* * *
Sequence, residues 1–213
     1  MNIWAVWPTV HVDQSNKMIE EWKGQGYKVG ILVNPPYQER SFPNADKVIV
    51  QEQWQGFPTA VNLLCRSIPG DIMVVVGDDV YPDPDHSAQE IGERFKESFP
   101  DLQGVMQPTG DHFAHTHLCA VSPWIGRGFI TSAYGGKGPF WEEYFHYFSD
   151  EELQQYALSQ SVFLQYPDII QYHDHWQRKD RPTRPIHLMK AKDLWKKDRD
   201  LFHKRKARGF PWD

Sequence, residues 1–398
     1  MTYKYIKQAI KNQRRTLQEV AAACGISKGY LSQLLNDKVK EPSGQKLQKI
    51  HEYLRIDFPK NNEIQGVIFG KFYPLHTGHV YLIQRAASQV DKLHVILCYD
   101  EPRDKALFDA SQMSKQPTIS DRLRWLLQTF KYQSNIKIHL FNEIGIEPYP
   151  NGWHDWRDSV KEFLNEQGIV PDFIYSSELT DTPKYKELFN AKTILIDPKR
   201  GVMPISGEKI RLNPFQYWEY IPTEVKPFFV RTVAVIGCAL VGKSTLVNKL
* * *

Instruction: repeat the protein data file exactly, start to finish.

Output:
Sequence, residues 1–213
     1  MNIWAVWPTV HVDQSNKMIE EWKGQGYKVG ILVNPPYQER SFPNADKVIV
    51  QEQWQGFPTA VNLLCRSIPG DIMVVVGDDV YPDPDHSAQE IGERFKESFP
   101  DLQGVMQPTG DHFAHTHLCA VSPWIGRGFI TSAYGGKGPF WEEYFHYFSD
   151  EELQQYALSQ SVFLQYPDII QYHDHWQRKD RPTRPIHLMK AKDLWKKDRD
   201  LFHKRKARGF PWD

Sequence, residues 1–398
     1  MTYKYIKQAI KNQRRTLQEV AAACGISKGY LSQLLNDKVK EPSGQKLQKI
    51  HEYLRIDFPK NNEIQGVIFG KFYPLHTGHV YLIQRAASQV DKLHVILCYD
   101  EPRDKALFDA SQMSKQPTIS DRLRWLLQTF KYQSNIKIHL FNEIGIEPYP
   151  NGWHDWRDSV KEFLNEQGIV PDFIYSSELT DTPKYKELFN AKTILIDPKR
   201  GVMPISGEKI RLNPFQYWEY IPTEVKPFFV RTVAVIGCAL VGKSTLVNKL